A new study finds that when states raised the minimum wage in recent recessions, their economies suffered less job loss than those that did not (click on chart at left to expand).
Looking at six New England states, the Massachusetts Budget and Policy Center found that between 1995 and 2011,
New Hampshire, which raised its minimum wage several times during this period…experienced the smallest decline in employment. Rhode Island, the one state that did not increase its minimum wage at all, had the largest decline in employment—5.9 percent, 2.5
percentage points higher than the 3.4 percent drop in New Hampshire.
In addition to New Hampshire and Rhode Island, the other states studied are Connecticut, Maine, Massachusetts and Vermont.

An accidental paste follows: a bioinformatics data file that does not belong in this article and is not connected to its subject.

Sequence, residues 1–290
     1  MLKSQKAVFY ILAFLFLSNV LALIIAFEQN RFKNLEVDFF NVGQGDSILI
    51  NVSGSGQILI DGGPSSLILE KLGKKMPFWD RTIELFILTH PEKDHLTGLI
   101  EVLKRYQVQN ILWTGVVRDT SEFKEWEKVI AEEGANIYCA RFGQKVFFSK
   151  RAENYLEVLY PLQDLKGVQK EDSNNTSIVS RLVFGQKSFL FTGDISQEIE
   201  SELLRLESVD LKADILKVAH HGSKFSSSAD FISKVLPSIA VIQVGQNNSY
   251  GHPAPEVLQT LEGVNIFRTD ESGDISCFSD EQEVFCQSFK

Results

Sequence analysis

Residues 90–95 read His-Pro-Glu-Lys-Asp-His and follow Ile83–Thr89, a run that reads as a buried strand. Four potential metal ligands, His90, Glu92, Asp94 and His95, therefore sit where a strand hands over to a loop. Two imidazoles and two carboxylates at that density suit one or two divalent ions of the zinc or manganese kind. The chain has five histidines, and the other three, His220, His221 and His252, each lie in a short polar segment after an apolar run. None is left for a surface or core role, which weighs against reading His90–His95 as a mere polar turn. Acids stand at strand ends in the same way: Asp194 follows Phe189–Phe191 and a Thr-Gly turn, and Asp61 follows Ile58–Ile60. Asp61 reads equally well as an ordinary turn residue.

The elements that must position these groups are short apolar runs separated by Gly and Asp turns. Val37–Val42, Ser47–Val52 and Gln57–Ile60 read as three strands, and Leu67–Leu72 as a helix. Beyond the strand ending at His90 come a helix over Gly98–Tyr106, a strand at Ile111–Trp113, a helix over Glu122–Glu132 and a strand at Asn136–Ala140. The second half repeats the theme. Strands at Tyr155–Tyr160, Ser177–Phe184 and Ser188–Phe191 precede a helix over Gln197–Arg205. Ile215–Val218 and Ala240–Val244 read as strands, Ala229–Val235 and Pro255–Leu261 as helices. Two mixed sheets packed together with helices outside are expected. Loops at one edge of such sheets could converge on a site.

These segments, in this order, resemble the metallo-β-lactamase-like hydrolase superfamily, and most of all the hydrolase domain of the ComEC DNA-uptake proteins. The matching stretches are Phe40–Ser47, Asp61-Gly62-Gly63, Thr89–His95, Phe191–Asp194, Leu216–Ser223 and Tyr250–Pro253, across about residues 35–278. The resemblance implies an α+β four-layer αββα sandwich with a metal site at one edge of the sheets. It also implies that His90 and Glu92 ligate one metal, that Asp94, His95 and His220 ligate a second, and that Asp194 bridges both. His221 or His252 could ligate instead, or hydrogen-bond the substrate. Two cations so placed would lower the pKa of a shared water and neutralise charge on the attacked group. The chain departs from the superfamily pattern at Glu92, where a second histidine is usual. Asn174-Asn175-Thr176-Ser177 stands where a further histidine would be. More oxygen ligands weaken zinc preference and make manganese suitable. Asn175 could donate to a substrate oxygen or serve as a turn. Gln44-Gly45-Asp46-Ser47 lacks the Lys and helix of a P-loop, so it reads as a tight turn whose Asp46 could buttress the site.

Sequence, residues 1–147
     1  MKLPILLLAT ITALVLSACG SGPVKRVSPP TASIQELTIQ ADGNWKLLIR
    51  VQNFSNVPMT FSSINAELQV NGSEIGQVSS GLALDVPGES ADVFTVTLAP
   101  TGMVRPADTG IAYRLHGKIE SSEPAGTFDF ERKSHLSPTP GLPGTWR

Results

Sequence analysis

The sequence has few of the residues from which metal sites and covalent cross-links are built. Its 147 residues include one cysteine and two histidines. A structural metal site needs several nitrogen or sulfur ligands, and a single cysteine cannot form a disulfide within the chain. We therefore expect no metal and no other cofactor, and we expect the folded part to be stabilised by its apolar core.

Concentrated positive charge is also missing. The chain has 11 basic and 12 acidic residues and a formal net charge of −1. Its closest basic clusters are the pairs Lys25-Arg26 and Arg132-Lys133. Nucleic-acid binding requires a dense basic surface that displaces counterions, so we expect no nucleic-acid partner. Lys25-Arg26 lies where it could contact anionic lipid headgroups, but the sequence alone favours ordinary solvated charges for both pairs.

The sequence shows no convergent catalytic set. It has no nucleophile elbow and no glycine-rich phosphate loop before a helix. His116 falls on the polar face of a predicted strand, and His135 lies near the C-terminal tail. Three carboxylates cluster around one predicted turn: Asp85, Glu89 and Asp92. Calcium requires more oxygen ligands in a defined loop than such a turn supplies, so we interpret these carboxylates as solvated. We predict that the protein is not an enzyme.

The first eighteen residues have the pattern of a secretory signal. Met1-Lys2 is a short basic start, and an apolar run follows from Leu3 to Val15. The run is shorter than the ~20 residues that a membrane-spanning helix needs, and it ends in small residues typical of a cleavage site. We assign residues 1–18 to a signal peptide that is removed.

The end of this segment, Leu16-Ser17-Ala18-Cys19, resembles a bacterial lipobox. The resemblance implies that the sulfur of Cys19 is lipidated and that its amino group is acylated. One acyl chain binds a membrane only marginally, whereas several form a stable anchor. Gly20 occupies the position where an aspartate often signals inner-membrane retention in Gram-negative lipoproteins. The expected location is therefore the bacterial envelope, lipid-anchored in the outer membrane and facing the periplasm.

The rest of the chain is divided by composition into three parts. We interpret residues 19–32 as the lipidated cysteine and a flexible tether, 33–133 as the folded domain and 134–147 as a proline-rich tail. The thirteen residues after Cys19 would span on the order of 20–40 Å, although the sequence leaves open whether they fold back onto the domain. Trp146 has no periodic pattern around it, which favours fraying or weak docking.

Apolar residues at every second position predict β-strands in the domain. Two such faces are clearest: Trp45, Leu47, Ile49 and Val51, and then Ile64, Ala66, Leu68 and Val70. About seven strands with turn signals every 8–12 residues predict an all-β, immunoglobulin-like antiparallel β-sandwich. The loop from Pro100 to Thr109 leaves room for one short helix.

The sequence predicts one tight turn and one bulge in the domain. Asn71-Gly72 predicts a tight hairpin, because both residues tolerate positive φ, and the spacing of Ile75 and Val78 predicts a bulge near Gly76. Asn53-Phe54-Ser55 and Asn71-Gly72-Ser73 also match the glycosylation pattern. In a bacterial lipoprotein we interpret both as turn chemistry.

The study further notes that:
although employment has not returned to pre-recession levels in any of these states, growth has been faster…in the three states with the highest minimum wages.
Maybe when people are paid more, they can buy more, so business creates more jobs to fill the demand?
At the national level, 100,000 jobs could be created if the federal minimum wage was raised to $9.80 by July 1, 2014.
Congress is home for summer vacation right now, but lawmakers will be back. And when they return, the AFL-CIO, as well as noted economists, urge them to pass the Fair Minimum Wage Act of 2012 (read letter here).